Maasai Mara Conservancies Get Some Relief

Topi, Maasai Mara. Image: Ray Manila/Flickr

The Maasai Mara is home to 25% of Kenya’s wildlife and the place of the greatest annual migration of animals on Earth. The land is owned by the indigenous Maasai people, who lease it to conservancies for tourism operations, which in turn fund conservation efforts that drive wildlife tourism.

The conservancy conservation model that makes up the Greater Mara has been one of the most promising and innovative conservation financing models in Africa — that is, until the COVID-19 pandemic hit, taking away the tourism revenue on which it depends.

Welcome news: this morning it was announced that the conservancies would soon find relief thanks to a loan program led by Conservation International (CI) in partnership with the Maasai Mara Wildlife Conservancies Association.

Why This Matters: The COVID-19 pandemic has hurt conservation efforts as travel has been restricted for eco-tourism and funder purse strings have tightened amid an economic downturn. The Mara is an incredible ecosystem but Maasai landowners are expecting to collect less than half of their annual lease payments this year. As such, the $5 million Maasai Mara Rescue Fund will provide a significant boost to the communities dependent on these lease payments.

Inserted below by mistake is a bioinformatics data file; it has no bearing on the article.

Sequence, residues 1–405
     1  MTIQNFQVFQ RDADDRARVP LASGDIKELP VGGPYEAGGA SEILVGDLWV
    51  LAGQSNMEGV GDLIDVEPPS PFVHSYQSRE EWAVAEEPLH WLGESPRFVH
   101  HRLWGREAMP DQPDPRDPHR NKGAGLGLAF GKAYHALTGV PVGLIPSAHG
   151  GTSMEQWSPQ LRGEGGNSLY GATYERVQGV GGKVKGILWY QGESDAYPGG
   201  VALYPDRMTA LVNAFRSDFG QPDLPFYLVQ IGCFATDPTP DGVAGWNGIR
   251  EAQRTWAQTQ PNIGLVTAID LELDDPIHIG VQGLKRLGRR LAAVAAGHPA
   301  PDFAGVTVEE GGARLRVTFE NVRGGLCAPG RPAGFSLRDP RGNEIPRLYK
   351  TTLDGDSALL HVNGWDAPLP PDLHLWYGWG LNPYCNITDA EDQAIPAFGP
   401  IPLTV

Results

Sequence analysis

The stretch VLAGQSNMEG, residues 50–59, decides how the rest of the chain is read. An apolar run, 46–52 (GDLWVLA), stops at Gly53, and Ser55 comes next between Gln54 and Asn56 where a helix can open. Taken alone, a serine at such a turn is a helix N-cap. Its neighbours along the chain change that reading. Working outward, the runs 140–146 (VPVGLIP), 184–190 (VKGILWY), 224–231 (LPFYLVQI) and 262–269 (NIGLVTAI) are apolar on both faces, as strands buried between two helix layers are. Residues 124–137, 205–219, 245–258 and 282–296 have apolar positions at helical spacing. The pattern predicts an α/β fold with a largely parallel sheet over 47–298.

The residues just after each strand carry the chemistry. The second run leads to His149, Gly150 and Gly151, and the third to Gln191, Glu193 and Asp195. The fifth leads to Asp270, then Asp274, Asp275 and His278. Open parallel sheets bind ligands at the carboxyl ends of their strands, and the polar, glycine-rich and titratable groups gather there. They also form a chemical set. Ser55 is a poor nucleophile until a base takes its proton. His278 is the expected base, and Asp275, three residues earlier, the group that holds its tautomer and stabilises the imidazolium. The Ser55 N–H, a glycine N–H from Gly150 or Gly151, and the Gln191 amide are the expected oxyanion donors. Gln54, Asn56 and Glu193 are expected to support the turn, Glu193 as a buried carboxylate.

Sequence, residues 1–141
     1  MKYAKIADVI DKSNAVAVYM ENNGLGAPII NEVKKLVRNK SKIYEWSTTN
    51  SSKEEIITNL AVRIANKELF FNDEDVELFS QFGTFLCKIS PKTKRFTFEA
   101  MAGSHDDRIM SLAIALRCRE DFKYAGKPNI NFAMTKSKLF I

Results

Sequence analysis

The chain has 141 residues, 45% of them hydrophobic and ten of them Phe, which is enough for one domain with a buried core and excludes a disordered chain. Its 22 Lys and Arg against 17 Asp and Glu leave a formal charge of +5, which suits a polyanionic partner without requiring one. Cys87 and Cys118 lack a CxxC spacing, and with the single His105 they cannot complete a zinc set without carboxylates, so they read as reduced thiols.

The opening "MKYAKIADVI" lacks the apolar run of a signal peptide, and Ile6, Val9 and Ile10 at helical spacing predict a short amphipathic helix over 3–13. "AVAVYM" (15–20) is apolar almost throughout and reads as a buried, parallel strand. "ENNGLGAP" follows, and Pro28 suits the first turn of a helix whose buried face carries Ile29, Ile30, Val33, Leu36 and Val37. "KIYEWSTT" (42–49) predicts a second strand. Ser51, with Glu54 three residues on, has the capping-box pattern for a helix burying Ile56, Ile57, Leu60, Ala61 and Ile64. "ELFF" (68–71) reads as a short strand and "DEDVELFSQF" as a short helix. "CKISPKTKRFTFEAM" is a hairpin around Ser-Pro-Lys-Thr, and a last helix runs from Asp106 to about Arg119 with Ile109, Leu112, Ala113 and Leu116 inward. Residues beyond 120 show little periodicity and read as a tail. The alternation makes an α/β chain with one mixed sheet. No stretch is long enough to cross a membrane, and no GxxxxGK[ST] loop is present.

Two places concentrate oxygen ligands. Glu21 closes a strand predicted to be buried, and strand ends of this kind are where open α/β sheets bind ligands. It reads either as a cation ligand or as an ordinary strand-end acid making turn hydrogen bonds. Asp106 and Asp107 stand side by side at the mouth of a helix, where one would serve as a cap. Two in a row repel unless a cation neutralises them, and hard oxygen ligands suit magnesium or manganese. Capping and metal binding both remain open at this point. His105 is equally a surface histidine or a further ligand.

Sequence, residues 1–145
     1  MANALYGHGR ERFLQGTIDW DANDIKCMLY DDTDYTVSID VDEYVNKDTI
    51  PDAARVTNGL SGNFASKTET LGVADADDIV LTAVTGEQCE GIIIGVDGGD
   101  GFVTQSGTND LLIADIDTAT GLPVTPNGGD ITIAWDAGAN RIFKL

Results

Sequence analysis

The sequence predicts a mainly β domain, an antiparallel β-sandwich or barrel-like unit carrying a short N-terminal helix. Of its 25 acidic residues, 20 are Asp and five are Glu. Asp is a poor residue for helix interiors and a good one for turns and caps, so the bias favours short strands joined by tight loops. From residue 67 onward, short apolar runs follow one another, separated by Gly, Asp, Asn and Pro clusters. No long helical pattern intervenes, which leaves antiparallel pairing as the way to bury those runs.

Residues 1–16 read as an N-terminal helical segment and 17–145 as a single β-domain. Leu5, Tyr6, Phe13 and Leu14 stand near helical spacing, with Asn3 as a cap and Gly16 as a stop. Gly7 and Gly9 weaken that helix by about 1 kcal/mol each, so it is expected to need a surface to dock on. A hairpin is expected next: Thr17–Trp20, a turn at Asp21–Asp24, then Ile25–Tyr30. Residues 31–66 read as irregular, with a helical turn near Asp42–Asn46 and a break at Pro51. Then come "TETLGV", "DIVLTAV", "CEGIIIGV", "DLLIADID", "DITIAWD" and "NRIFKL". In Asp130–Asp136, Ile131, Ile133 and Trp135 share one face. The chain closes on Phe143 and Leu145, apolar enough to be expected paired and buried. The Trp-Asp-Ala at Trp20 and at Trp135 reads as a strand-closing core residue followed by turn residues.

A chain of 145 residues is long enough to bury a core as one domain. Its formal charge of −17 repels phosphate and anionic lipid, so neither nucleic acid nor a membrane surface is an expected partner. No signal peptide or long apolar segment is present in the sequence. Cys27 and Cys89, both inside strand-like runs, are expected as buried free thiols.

As Michael O’Brien-Onyeka, senior vice president of the Africa Field Division at Conservation International, explained:

“The fallout in tourism due to the pandemic means communities are struggling to survive. These lease payments will help ensure the lands that make up the greater MaasaiMara remain wild, and that the communities that count on income from tourism are supported during this global crisis.”

The Terms: As CI explained, through the loan program, conservancies across the Maasai Mara will secure short-to-medium term funding to offset the revenue loss from COVID-19 and support long-term sustainability.

  • The loans will be repaid out of future tourism returns and conservation fees that the conservancies collect from tourism operators.
  • As a condition of the loan payments, the conservancies will be required to implement governance, operational and financial strengthening activities to ensure long-term sustainability of the conservancy model.
  • Further stakeholders are actively exploring opportunities to diversify revenue streams for this landscape.

In recent years land spats have ensued across the Mara, hopefully, the terms of these loans can help bolster adequate governance that ensures the prosperity of this ecosystem into perpetuity.

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